Personal note

This has been the week I finally got to launch my new book, The Confident Introvert. As I (and a lot of writers) have found out, it’s not the writing that is so hard; it’s all the details, such as getting the sources exactly right, that bog you down. Then there was Storm Sandy, isolating my e-book formatter with no power for a week or so.

But it’s here, and I am so excited to share it with a world in which at least 30% of us are introverts in a culture that idealizes extroversion. You can find it at amazon.com or barnesandnoble.com, or just go to www.ConfidentIntrovert.com to order it directly from me.

Watch for the free teleseminar I will be giving on this topic on Thursday, December 13.  REGISTER HERE.

Exhausted and elated, I decided to rely on a couple of other sources to round out my newsletter this week. If you are not acquainted with the Center for Greater Good, at the University of California at Berkeley, this would be a good time to connect.

The “Happiest Time of Year”?

We are entering the time of year that, we are assured, should be the happiest. For some people, that’s like being the adolescent kid with acne and uncontrollable hair who is told, “But these are the happiest days of your life.”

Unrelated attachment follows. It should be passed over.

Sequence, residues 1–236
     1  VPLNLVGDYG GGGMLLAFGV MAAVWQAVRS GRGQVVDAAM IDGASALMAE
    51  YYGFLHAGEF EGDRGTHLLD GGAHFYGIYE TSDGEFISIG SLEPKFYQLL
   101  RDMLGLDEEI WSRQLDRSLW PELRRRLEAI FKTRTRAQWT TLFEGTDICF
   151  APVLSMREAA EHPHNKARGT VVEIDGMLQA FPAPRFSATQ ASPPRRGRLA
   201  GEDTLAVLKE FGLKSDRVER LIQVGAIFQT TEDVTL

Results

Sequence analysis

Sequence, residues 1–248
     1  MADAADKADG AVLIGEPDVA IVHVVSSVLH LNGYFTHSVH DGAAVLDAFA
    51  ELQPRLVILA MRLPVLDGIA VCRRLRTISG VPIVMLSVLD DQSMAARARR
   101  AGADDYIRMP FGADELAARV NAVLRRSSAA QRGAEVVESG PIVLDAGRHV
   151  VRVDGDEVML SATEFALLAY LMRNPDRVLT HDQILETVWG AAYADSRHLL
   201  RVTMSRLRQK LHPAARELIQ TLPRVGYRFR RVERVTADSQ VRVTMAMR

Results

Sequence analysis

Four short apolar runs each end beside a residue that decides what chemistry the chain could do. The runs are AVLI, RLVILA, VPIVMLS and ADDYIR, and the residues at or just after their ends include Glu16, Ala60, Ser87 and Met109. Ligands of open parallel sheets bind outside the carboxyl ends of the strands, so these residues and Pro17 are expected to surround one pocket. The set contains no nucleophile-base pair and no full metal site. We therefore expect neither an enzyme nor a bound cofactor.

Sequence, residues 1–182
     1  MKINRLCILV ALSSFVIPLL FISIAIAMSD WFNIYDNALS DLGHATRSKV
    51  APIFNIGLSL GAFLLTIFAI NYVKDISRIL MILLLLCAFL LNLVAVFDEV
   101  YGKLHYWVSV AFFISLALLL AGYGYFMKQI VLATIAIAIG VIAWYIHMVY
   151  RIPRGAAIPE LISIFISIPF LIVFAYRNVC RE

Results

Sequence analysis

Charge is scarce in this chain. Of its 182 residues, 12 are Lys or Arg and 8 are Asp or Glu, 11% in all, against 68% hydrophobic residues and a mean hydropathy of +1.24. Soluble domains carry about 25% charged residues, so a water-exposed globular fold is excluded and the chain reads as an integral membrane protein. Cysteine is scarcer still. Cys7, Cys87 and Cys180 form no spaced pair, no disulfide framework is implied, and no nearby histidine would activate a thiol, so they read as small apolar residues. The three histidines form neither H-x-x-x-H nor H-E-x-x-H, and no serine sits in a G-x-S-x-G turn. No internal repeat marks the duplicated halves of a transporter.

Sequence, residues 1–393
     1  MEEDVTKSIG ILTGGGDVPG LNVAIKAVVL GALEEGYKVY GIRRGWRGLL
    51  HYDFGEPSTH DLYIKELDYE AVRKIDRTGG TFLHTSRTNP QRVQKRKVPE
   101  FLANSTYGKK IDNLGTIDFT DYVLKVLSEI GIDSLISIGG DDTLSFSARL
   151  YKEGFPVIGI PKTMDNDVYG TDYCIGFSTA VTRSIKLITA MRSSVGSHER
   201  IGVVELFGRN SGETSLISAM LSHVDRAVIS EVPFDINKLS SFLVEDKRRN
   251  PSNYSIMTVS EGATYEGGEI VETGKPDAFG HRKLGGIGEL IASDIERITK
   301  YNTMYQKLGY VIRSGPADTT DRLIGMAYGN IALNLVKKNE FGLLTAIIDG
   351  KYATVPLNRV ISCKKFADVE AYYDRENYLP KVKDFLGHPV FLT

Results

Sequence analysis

Before you put on your Grinch hat and turn green, consider taking the steps recommended by Christine Carter in her timely article, Preventing Holiday Fatigue, in her “Raising Happiness” newsletter, found on the website of the Center for Greater Good at the University of California, where she suggests you focus on gratitude and simplifying your holiday wishes.

Carter maintains that gratitude should be practiced every day, using the frequent question, “How are you?” to trigger a response that reflects how grateful we are for even the small good things in life, rather than triggering a sigh, and “OK, I guess.”

She also maintains, as do I, that the way you tell people about your life and its events determines whether you will feel stress or serenity.

Read her full article at:

Simplifying your life includes remembering what the holiday is all about, and teaching children that attitude, too. Carter suggests you set up holiday traditions that boost your happiness, and refers readers to a site that discusses ideas on alternative gifts that won’t strain your budget. Just go to http://www.newdream.org/programs/beyond-consumerism.

My suggestions are simple: when you are rushing around like the proverbial “chicken with its head cut off,” stop and ask yourself, “If I am running so hard, what is the prize?” – besides fatigue, irritability, and weight gain (yes, stress turns on your weight-gaining mechanisms).  This is a good question that should stop you in your tracks.

Then follow it with this question, “In the long run, what really matters is ___.” If you have been automatically rushing for a long time, I’ll bet you don’t have an easy answer to that one. Fill in the blank; sit down, pause, take a few deep breaths, and consider what choices you really want to make.

If you aren’t happy moving towards the holiday, what magic wand will make happiness suddenly appear on the day? You hold the magic wand; pause, breathe, and choose to use it now.